In June, Bitfarms, a cryptocurrency-mining firm, sold 3,352 Bitcoins (BTC -2.46%), almost half of the Bitcoins it held at the time. This may appear to be a drop in the bucket when you consider that more than 19 million Bitcoins have already been mined. But it’s not as simple as that.
Bitcoin’s value has shot up considerably during the previous several years, owing to a supply-demand imbalance. And this imbalance was aided by miners like Marathon Digital, Bitfarms, Riot Blockchain, and others. It could also cause the price of Bitcoin to drop even more if Bitfarms’ plan to sell becomes widespread.
Why you should watch Bitcoin miners
It cost Bitfarms roughly $8,700 in the first three months of 2022 to mine one Bitcoin. The value of Bitcoin has decreased by more than 70% since its peak. Despite this fall, however, Bitfarms maintains a healthy gross margin given the cost of mining.
However, there’s a catch. Bitfarms does not accumulate costs that can be paid in bitcoin. Its expenses are settled in fiat currency. The same may be said for Riot Blockchain and Marathon Digital. While the profit margins appear to be ideal in principle, they must figure out how to obtain legitimate money from the government somehow.
In recent years, the major Bitcoin miners have had simple access to funding to pay their expenses. As a result, as bitcoin bulls, they’ve been keeping the Bitcoins they’ve mined since then. Marathon Digital, for example, hasn’t sold a single Bitcoin since October 2020 and has 9,941 on hand.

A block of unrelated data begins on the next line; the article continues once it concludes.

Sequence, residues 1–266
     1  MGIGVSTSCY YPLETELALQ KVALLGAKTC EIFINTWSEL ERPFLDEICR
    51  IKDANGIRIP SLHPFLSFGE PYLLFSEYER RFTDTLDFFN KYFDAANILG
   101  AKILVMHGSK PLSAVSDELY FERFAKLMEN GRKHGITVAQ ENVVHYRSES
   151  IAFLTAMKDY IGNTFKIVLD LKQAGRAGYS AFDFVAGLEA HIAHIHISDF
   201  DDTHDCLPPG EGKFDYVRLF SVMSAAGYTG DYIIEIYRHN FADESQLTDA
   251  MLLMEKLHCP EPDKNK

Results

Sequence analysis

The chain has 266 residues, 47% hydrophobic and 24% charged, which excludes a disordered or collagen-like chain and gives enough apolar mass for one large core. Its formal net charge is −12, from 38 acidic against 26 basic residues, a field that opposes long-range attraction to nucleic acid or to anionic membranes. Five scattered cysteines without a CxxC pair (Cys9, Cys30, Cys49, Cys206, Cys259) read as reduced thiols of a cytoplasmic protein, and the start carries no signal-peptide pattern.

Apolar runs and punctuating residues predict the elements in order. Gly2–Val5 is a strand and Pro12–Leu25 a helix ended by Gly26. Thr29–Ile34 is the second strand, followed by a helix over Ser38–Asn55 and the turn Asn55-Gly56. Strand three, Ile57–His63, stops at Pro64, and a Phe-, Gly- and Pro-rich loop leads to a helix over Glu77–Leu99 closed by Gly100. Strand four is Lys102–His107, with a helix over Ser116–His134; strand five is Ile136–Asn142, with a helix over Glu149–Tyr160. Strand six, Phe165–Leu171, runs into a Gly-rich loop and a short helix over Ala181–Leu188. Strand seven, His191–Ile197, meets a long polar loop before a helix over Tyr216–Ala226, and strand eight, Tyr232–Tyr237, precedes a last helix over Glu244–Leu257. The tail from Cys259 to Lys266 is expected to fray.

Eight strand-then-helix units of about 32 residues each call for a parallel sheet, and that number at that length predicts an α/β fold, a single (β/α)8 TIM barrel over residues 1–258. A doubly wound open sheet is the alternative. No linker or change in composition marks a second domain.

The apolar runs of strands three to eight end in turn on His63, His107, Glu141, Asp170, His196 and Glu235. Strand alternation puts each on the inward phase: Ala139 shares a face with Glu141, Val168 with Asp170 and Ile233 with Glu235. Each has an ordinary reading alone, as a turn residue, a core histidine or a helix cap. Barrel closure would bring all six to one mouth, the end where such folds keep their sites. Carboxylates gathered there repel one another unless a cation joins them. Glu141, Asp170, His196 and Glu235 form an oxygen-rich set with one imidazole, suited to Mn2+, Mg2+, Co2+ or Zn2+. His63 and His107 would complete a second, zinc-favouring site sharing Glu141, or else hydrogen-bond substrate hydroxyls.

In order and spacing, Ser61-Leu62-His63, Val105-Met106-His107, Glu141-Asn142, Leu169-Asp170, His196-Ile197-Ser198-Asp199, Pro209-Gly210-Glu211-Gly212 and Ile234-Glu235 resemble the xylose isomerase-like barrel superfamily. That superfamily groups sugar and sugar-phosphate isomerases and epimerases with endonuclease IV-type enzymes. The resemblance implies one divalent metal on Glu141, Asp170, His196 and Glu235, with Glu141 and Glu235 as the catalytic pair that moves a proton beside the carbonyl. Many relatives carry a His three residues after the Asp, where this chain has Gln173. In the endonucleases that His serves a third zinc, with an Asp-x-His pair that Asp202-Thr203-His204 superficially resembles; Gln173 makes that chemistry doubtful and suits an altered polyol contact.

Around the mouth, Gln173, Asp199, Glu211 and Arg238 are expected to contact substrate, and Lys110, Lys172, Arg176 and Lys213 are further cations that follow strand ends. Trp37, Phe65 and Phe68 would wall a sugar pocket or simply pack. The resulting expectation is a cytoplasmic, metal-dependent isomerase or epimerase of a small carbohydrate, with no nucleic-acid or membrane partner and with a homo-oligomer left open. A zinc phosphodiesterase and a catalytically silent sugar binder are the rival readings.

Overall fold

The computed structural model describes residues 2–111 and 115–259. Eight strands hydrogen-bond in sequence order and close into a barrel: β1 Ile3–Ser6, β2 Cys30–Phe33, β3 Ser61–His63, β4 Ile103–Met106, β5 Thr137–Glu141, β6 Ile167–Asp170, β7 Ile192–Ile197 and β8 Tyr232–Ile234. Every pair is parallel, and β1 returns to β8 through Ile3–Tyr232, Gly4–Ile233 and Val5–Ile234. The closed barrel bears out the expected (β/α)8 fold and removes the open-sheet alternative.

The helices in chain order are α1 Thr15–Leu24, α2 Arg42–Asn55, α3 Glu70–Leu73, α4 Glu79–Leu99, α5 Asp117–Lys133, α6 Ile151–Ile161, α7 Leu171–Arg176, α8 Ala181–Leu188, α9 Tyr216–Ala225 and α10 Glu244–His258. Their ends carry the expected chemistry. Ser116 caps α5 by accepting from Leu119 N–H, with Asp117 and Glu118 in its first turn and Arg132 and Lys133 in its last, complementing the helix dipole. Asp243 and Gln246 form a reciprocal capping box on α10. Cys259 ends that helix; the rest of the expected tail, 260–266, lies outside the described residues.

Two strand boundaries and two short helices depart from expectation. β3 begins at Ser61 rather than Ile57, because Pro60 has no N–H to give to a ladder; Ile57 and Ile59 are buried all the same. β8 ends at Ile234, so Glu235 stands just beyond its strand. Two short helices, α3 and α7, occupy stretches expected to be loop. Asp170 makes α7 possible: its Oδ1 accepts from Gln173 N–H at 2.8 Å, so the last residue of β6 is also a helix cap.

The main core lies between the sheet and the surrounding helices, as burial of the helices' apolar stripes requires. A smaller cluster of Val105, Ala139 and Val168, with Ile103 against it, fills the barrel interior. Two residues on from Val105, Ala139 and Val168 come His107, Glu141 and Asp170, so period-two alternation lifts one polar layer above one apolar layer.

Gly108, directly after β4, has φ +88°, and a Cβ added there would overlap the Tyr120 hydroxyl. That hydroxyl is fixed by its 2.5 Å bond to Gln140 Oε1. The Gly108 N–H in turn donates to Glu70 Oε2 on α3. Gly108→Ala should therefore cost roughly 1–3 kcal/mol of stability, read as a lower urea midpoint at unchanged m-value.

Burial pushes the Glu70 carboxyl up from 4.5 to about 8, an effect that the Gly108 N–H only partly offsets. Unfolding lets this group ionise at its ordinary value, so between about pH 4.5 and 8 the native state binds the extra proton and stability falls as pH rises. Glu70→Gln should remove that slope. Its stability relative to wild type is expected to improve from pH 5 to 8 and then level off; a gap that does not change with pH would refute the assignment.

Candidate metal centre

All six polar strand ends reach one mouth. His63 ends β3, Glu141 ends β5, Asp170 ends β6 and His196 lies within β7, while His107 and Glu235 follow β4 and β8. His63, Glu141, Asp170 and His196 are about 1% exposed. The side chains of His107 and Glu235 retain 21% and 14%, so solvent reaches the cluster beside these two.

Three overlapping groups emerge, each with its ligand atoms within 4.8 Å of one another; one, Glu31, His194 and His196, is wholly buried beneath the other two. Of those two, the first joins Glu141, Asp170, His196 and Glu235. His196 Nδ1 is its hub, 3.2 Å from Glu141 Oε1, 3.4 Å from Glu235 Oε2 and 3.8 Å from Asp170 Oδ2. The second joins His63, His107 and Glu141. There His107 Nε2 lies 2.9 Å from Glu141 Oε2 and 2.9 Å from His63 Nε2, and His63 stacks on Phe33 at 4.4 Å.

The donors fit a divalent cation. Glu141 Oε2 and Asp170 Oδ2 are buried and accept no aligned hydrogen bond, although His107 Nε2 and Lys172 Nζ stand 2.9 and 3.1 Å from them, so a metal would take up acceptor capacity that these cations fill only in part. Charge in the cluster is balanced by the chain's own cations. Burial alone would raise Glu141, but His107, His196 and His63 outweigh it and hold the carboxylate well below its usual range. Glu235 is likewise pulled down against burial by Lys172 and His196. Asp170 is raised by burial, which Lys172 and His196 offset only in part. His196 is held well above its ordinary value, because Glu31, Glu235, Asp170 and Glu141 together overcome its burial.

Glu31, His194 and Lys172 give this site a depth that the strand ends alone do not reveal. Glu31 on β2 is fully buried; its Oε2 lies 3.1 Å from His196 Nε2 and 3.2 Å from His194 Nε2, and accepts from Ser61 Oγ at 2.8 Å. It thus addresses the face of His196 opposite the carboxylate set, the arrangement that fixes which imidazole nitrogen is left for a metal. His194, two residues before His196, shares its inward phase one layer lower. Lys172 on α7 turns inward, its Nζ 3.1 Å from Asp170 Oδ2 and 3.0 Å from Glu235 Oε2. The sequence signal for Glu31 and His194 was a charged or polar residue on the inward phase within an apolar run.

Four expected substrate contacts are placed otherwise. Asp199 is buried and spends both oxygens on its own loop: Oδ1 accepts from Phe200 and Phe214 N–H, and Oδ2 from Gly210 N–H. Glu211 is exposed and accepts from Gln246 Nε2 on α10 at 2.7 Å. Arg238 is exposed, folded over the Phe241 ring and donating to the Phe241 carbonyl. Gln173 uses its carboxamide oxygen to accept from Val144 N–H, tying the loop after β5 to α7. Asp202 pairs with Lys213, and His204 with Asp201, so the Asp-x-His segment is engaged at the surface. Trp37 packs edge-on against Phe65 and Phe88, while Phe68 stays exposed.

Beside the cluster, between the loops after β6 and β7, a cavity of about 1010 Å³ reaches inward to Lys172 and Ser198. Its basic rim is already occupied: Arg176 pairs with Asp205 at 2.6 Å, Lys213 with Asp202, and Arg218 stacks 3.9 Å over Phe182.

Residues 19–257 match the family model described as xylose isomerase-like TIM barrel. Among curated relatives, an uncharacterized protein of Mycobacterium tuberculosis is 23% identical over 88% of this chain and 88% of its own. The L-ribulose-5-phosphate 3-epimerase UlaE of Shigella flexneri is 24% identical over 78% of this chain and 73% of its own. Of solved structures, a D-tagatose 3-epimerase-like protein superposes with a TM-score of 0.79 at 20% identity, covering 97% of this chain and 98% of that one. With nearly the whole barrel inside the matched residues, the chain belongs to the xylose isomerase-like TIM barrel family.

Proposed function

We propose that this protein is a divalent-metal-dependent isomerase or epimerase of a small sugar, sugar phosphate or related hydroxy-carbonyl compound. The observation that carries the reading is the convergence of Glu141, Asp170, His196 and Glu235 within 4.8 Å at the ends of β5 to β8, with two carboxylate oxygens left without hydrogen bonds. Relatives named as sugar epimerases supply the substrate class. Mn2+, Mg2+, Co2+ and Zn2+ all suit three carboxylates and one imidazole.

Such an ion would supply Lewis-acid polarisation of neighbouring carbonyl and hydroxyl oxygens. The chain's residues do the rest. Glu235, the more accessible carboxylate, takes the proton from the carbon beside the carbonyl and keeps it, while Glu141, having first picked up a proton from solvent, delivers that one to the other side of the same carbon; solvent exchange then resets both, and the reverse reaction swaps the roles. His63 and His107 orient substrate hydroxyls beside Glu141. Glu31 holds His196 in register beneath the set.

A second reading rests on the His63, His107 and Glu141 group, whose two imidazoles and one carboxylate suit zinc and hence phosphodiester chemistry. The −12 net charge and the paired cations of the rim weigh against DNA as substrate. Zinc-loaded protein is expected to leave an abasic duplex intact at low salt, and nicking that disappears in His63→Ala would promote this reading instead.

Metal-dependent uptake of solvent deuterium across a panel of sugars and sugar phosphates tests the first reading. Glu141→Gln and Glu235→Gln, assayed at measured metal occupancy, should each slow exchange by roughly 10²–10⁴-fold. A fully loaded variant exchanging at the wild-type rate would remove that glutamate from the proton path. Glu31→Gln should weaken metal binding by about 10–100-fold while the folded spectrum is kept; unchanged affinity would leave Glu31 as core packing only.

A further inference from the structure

It’s getting increasingly difficult to obtain financing. The stock market has taken a beating. Interest rates have gone up. And numerous cryptocurrency firms are failing every day, including Bitfarms, Marathon Digital, and Riot Blockchain, which each need millions of dollars in operational spending each quarter. To compensate for its high operating costs, miner Bitfarms must raise cash from somewhere. That’s how it works for Bitfarms: it sells more than half of its Bitcoins in order to survive.
Riot Blockchain is one of the newest bitcoin sellers in the market, although on a smaller scale. The business began selling some of its Bitcoin in March and has continued to do so every month since then. However, because the firm still stores a portion of the Bitcoin it mines every month, its reserves have grown to 6654 Bitcoins as of June 30.
The large Bitcoin miners kept almost all of the Bitcoins they created over the previous several years, resulting in restricted circulation. Demand from investors and firms began to grow, and the price rose as a consequence. Miners had a crucial role in creating the supply-and-demand imbalance.
If miners become net sellers of Bitcoin, this trend may change course. Marathon Digital, for example, has $86 million in total liquidity as of June 1 and millions in quarterly operating costs. That money must originate from somewhere. The firm might also opt to sell its bitcoins.
If Bitcoin miners become net sellers, the supply-and-demand imbalance could reverse, and prices may fall even more. Personally, I’m still bullish on Bitcoin’s long-term prospects. That said, liquidity for Bitcoin miners is a genuine concern that merits attention.